Nassar recounts how the “final chapter in the history of the Dar Al-Kiswa began in 1962, when a ship called the Mecca arrived at the port of Jeddah in Saudi Arabia, carrying 1,109 Egyptian pilgrims, along with the kiswa of the Kaaba, its hizam (belt), burqu, and the sitara (curtain) for the Bab Al-Tawba [the door of repentance] of the Kaaba.”

“However, the Saudi authorities declined to accept the kiswa, so it was sent back to Egypt,” Nassar said. Even so, the Dar Al-Kiswa continued with its embroidery work for some time, carrying out smaller commissions and manufacturing decorative panels for mosques or for sale.

“The number of embroiderers then dwindled, and by the 1980s many veterans had retired or passed away,” Nassar said. “The institution finally closed its doors in 1997, and the kiswa is now made in Mecca, as it has been since 1962.”

Hajj Sobhi Saleh, the only surviving textile worker who was among the staff producing the kiswa during the last four years before Mecca took over the manufacture of the holy cover, has featured on TV, telling audiences of the good old days when Egypt produced the blessed drape. Sobhi’s father was also a textile worker and was chosen as among the best 60 embroiderers involved in the making of the holy kiswa in the khedival era.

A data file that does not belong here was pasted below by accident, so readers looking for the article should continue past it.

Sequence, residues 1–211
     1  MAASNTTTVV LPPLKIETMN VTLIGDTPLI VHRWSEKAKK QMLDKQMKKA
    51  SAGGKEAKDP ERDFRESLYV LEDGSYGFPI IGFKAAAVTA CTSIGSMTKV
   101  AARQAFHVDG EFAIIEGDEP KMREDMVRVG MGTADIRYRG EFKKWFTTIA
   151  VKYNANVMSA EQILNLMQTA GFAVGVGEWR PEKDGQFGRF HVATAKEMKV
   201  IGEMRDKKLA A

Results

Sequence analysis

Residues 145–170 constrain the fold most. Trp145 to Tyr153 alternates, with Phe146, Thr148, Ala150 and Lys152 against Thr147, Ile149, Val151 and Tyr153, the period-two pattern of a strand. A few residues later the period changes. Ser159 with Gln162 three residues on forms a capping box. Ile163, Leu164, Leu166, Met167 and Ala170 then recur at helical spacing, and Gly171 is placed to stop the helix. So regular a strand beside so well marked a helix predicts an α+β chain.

“Changing the kiswa was an important tradition observed twice per year, once in Shaaban, the Hijri month preceding the holy month of Ramadan, and once before the Hajj season starts,” Saleh told “The fabrics used in the production of the kiswa were of high quality that can be rarely found nowadays, and pure gold and silver threads were used in the embroidery, which is still the case to date.”

When the kiswa production moved to Saudi Arabia, Saleh said that those working in the Dar Al-Kiswa continued to embroider other things including marks of rank for the army and police uniforms. Saleh himself was among those selected to decorate the uniform of late president Anwar Al-Sadat and other officers during the ceremony celebrating the 1973 War victory.

But soon the veteran staff in the workshop passed away or moved elsewhere and opened their own workshops. The two-century old workshop officially closed in the late 1990s and has since been turned into a storehouse for material owned by the ministry of religious endowments.

The centuries-old workshop that once witnessed the heyday of kiswa manufacture is now left in a deplorable state and is hardly known even to people in the vicinity. A shabby metal plaque that hangs on the steel gate that replaced the old wooden one is the only sign left from the past.